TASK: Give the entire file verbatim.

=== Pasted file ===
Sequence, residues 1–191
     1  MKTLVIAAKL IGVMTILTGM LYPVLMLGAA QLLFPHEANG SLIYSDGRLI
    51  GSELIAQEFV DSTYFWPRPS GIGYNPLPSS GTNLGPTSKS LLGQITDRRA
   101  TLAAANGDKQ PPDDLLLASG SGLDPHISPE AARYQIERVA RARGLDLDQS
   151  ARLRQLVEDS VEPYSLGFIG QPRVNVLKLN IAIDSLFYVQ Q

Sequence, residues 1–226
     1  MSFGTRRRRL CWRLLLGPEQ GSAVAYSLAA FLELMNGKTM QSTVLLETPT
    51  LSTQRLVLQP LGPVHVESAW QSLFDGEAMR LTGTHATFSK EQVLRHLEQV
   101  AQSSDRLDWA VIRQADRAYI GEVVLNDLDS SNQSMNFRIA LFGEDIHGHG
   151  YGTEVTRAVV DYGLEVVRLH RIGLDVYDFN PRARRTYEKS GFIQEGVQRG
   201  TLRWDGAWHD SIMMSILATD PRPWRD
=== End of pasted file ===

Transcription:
Sequence, residues 1–191
     1  MKTLVIAAKL IGVMTILTGM LYPVLMLGAA QLLFPHEANG SLIYSDGRLI
    51  GSELIAQEFV DSTYFWPRPS GIGYNPLPSS GTNLGPTSKS LLGQITDRRA
   101  TLAAANGDKQ PPDDLLLASG SGLDPHISPE AARYQIERVA RARGLDLDQS
   151  ARLRQLVEDS VEPYSLGFIG QPRVNVLKLN IAIDSLFYVQ Q

Sequence, residues 1–226
     1  MSFGTRRRRL CWRLLLGPEQ GSAVAYSLAA FLELMNGKTM QSTVLLETPT
    51  LSTQRLVLQP LGPVHVESAW QSLFDGEAMR LTGTHATFSK EQVLRHLEQV
   101  AQSSDRLDWA VIRQADRAYI GEVVLNDLDS SNQSMNFRIA LFGEDIHGHG
   151  YGTEVTRAVV DYGLEVVRLH RIGLDVYDFN PRARRTYEKS GFIQEGVQRG
   201  TLRWDGAWHD SIMMSILATD PRPWRD